The setting of goals is, for government, potentially more problematic. An example: had this exercise been given the title ‘Creating a foster care system fit for the 21st century’ – as one can assume The Fostering Network would have liked – a very different report would have resulted. This is certainly the case were a few goals to be included. In a national newspaper article from last year, it was reported –
‘Children in care are six times more likely than other young people to be cautioned or convicted of a crime, year-long inquiry by Lord Laming shows.’ It has to be acknowledged that a lot of children in care are; as Lord Lamming said, “sucked into the criminal justice system for trivial reasons.” The director of the Prison Reform Trust, Juliet Lyon, said: “By listening to children in care about how they have got drawn into trouble, this review provides practical and workable solutions to help break the depressing route from chaos to care to custody.”
Considering this, a goal that could be set that for a 21st century fostering system, would be that anyone who had been in care, would have the same chance of being cautioned or convicted as anyone else. There are quite a few other goals that might be included: perhaps one addressing those youngsters who do not get the support from CAMHS (Child and Adolescent Mental Health Services). The Stocktake deals with the issue of mental health support by stating –
“The exception to that is the vital issue of mental health support for children in care, including fostered children. Much work was taking place on this issue as we conducted our review, and there was little to be gained by our simultaneously reviewing the subject. Suffice to say we are encouraged by the publication of the Transforming children and young people’s mental health provision green paper in early December 2017, and in particular the commitment to pilot a new 4-week waiting time for children and young people’s mental health services. Achieving that will be particularly vital for all children in care, not just those being fostered.” Four weeks…for a vulnerable child who might be at high risk!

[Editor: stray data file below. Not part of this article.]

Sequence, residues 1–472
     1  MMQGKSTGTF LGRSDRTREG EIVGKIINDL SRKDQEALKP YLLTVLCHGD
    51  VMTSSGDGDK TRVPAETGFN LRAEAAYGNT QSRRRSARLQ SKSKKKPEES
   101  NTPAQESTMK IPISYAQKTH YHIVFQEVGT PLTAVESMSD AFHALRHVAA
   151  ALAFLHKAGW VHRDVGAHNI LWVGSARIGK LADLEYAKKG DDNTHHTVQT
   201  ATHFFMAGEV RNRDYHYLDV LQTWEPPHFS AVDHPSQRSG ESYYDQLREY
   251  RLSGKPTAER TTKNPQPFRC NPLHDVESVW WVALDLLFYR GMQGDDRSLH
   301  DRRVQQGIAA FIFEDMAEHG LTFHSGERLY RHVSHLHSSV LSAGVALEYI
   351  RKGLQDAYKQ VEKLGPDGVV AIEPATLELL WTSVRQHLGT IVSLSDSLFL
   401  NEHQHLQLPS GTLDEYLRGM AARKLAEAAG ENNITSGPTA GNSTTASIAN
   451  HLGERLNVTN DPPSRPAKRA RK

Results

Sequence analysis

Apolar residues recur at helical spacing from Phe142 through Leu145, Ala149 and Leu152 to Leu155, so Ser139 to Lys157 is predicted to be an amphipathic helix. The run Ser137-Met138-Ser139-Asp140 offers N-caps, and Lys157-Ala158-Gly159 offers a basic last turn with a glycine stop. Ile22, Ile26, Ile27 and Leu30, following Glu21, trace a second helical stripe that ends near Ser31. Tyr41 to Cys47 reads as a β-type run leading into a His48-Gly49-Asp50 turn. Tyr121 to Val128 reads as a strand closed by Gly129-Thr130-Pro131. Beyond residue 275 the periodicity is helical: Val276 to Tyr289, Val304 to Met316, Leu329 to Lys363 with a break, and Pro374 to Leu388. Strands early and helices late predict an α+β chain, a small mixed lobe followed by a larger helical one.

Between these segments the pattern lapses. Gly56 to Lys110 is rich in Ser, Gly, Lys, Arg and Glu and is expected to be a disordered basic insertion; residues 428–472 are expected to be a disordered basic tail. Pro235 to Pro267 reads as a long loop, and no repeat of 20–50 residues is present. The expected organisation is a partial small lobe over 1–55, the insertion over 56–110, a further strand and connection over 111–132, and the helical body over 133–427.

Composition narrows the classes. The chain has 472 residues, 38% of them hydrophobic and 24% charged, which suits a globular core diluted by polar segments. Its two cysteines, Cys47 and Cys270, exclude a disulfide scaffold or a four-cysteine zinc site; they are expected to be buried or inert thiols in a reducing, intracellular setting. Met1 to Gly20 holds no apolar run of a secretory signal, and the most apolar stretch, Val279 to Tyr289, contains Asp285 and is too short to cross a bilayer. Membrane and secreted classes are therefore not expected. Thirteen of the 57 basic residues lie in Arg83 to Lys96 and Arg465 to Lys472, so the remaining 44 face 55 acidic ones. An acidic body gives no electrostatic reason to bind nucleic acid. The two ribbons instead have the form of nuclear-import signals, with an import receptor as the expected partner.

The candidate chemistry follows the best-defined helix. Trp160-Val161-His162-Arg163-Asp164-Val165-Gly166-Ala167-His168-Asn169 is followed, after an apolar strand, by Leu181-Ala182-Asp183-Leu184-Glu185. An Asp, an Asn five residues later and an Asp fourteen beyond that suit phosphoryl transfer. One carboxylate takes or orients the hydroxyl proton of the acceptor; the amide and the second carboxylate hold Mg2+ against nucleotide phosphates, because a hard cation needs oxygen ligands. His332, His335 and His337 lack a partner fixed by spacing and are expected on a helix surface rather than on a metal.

If truth be told, a review is just that. Perhaps the next time fostering provision is investigated on behalf of the nation, we should first consider how we describe the exercise.
Rise to the challenge of therapeutic foster care with Rainbow Fostering.
Foster care, generally, faces new challenges: most significantly, there are increasing numbers of referrals for children who have complex needs. This can lead to challenging behavioural issues. These often occur as a result of trauma experienced before coming into care.
We are looking for special individuals to train to become therapeutic foster carers. These will be people who will have the resilience to help such children overcome their experiences.
Please call our recruitment team on 020 8427 3355 – or, you can call our National line 0330 311 2845 to find out more about the challenges and rewards of becoming a therapeutic foster carer. We can also answer any concerns or questions you might have generally – for example – foster carer pay? How long does it take to become a foster carer? Types of fostering. Foster carer requirements; can you foster a child if you are a lesbian and can you foster if you are over sixty years of age?
Go to our web link below for our latest Rainbow news –
More LGBT people urged to foster in Wales
16th March, February 2018
Huw Irranca-Davies, Minister for Children and Social Care in Wales, is encouraging more LGBT people to come forward to foster (more) http://bit.ly/2e8PrIK
Good news at the end of our Rainbow…another run of birthdays to celebrate for some of our carers and children.